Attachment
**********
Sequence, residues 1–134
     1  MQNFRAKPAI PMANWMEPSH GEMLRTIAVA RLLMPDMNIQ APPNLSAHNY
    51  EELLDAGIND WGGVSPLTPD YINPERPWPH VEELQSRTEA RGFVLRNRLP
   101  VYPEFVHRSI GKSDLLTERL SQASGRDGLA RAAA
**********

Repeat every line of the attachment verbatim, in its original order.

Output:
Sequence, residues 1–134
     1  MQNFRAKPAI PMANWMEPSH GEMLRTIAVA RLLMPDMNIQ APPNLSAHNY
    51  EELLDAGIND WGGVSPLTPD YINPERPWPH VEELQSRTEA RGFVLRNRLP
   101  VYPEFVHRSI GKSDLLTERL SQASGRDGLA RAAA